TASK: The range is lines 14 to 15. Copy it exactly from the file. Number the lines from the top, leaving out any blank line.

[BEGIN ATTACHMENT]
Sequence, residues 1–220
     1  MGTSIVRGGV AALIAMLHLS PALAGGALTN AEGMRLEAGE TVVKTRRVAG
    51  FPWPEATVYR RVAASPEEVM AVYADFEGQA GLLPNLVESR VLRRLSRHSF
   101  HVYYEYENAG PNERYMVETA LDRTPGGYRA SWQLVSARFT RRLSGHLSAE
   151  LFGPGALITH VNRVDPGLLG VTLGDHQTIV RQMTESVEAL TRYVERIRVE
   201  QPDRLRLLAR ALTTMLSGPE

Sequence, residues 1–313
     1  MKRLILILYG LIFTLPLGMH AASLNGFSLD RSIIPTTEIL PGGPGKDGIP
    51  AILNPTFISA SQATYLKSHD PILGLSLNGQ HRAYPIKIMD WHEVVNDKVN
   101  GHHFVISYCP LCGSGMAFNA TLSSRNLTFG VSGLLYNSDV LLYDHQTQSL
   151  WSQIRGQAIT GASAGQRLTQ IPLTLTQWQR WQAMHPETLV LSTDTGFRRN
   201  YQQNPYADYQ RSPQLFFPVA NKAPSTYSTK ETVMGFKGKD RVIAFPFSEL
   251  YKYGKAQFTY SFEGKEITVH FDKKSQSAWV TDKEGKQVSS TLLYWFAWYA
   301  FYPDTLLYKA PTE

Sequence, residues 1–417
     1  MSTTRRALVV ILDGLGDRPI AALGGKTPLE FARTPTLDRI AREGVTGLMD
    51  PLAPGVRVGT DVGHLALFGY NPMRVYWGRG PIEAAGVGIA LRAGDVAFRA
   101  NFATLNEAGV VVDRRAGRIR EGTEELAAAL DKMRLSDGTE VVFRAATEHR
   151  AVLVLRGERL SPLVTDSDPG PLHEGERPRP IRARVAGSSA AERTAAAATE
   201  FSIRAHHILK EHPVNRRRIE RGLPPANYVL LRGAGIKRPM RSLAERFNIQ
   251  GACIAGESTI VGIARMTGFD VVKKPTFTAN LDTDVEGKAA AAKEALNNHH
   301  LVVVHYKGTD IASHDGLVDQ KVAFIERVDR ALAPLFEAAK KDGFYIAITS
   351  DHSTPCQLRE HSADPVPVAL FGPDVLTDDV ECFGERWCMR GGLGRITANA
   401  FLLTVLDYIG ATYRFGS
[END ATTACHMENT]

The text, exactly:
   301  FYPDTLLYKA PTE

Sequence, residues 1–417